Doctors Inventing Auto Safety

Editor’s Note: This post is by Lemelson Fellow Lee Vinsel. Lee is an Assistant Professor at the Stevens Institute of Technology.

This summer I am a fellow at the Lemelson Center, where I am researching the history of automotive safety, focusing on the story of safety in the early period of auto history, from 1900 to 1940, which remains underexplored by historians. My research here has brought me face-to-face with a theme that scholars at the Lemelson Center are currently exploring, namely the role that geography and local networks play in innovative thinking.

The Lemelson Center is developing an exhibition called, Places of Invention, which examines the roles that places and communities play in fostering inventive and innovative activity. Places of Invention focuses on some neat examples of hotspots of innovation: the growth of scientific communities in Washington, DC, in the late 1800s; the rise of manufacturing industries in Hartford, CT, during the mid-19th century; inventive activity around Cambridge, MA, spurred on by World War II military spending; the emergence of Silicon Valley in California and “Medical Alley” in Minnesota during the 1960s and 1970s; the birth of Hip Hop in Bronx, NY, which forever revolutionized popular music; and contemporary research in energy research in Fort Collins, CO.

With my research focus, it’s no surprise that I am particularly interested in the role locality has played in influencing automotive safety. Detroit is a famous example of the power of place in shaping technological change, as reflected in works like, Robert Szudarek’s How Detroit Became the Automotive Capital. Often historians focus on the kinds of inventors, engineers, and entrepreneurs who play a direct role in improving the technologies and companies at the center of the local economy. In Detroit, for instance, this central focus would be on the famous automotive firms and the people that worked for and with them. I argue that this focus is too narrow—people of seemingly unrelated expertise sometimes become involved in innovative hotspots. My research includes the role that medical doctors played in improving auto safety.

One example is Dr. Claire Straith. Straith was a plastic surgeon at Detroit’s Harper Hospital who played an important role in improving the practices of reconstructive surgery. According to Straith’s family, on weekends he often went from hospital to hospital, working on people who had been injured in automobile accidents. Most of the people injured were women and children who were sitting in the right-front passenger seat—what Straith called the “Death Seat.” Straith’s experiences led him to become critical of automotive design of the day and to create safety technologies.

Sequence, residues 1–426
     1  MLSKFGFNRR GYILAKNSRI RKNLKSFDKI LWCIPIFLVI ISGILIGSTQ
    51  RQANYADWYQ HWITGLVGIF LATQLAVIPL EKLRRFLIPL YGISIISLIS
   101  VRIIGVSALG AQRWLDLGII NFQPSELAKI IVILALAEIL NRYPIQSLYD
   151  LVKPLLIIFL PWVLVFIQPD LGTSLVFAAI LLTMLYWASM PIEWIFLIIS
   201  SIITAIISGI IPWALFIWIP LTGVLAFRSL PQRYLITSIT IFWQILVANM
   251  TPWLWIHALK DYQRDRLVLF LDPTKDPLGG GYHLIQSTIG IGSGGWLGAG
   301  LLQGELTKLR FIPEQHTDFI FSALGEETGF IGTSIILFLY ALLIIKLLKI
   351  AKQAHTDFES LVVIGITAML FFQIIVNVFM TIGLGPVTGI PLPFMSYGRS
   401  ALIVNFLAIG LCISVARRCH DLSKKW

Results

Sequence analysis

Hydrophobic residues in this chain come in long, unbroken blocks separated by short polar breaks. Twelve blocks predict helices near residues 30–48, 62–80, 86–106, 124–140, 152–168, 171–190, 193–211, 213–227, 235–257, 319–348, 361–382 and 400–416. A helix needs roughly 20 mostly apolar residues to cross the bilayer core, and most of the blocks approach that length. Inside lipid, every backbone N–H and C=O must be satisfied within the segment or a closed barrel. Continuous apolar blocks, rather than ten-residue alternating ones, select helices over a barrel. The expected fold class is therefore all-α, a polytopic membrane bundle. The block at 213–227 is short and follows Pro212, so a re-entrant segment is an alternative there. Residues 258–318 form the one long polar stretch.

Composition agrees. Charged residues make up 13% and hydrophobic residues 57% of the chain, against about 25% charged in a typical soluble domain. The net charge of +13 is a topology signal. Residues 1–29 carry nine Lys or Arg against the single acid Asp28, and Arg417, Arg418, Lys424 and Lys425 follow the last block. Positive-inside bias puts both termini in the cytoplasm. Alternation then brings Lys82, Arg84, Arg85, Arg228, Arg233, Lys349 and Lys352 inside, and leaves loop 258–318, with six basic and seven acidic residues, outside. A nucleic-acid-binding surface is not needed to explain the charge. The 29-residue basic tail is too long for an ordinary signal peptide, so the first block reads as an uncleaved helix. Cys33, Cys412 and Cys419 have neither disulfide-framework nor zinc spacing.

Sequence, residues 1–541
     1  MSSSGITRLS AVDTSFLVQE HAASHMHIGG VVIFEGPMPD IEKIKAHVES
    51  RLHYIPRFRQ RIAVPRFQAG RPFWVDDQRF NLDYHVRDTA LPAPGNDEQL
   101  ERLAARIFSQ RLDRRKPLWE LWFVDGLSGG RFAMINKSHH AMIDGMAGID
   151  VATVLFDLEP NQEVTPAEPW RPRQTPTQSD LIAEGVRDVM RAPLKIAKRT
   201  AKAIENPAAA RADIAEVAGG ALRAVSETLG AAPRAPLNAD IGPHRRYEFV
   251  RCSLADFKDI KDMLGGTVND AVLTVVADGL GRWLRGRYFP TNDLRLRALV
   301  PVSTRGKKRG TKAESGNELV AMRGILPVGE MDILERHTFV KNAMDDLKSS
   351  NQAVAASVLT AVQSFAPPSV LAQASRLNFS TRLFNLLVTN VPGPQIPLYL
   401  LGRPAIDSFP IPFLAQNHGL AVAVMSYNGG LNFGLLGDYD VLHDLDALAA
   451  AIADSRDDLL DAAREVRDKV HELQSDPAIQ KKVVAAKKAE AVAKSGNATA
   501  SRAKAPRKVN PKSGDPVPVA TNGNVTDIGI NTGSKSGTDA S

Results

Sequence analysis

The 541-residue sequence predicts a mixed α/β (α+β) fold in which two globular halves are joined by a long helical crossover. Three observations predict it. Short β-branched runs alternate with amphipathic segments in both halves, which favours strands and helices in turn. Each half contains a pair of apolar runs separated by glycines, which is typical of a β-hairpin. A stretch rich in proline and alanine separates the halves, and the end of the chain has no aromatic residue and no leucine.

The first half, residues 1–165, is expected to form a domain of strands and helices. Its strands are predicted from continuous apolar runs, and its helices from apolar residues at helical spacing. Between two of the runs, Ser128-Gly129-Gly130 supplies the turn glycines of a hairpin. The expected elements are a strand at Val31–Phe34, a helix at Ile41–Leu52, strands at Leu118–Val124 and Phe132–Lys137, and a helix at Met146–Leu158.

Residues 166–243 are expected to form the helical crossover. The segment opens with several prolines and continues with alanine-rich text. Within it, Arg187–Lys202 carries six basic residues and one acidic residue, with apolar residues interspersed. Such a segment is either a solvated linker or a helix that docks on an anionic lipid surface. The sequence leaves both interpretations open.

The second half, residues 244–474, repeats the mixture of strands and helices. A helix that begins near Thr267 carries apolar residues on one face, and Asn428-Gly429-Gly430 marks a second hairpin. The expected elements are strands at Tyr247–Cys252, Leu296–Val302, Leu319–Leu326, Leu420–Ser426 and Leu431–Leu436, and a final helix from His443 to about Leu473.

Beginning in the early 1930s, Straith installed homemade seatbelts in his own car. He then created and installed crash pads on his car’s dashboard, especially on the passenger side. Straith patented at least two of these devices—the Smithsonian has one of his crash pads in the national collections. The pads were marketed directly to consumers, though few people bought them. However, Straith remained a vocal critic, and he fought tirelessly to get automakers to install safety technologies in their products.

The Straith padded dashboard is demonstrated in this photo by the inventor's daughter, Jean Straith Hepner, and granddaughter, Grace Quitzow. Photo courtesy of Grace Quitzow.

The Straith padded dashboard is demonstrated in this photo by the inventor’s daughter, Jean Straith Hepner, and granddaughter, Grace Quitzow. Photo courtesy of Grace Quitzow.

Some companies listened. Walter Chrysler met Straith, which led to Chrysler engineers building some of Straith’s ideas into the company’s 1937 line of cars. Straith continuously criticized the sharp metallic knobs on cars, which frequently gouged and disfigured people in crashes. The 1937 Chryslers featured recessed knobs on the dashboard. Straith also influenced Preston Tucker, who built safety features into the 1948 Tucker Sedan.

The auto industry was heavily focused on the annual model change during this period, and companies would introduce safety features as part of the publicity of one year’s models, only to backslide and remove the features the very next year. It was not until the mid-1960s—when the federal government created mandatory safety standards—that safety technologies became a permanent fixture of American automobiles.

Straith was not the only medical doctor in the Detroit-area to innovate around auto safety. Another leader in the field was neurosurgeon Elisha Gurdjian, who worked at Wayne State University’s hospital. Gurdjian was also bothered by the kinds of injuries he saw coming into hospitals. He realized that doctors knew far too little about the biological mechanisms of concussions and other trauma-induced brain injuries. He also realized that investigating concussions would involve the study of forces, which lay well outside his own expertise. For this reason, Gurdjian teamed up with a young Wayne State professor in mechanical engineering named Herbert Lissner. The two men began conducting experiments on how forces acted on bodies, using both human cadavers and living, anesthetized, non-human animals (mostly dogs).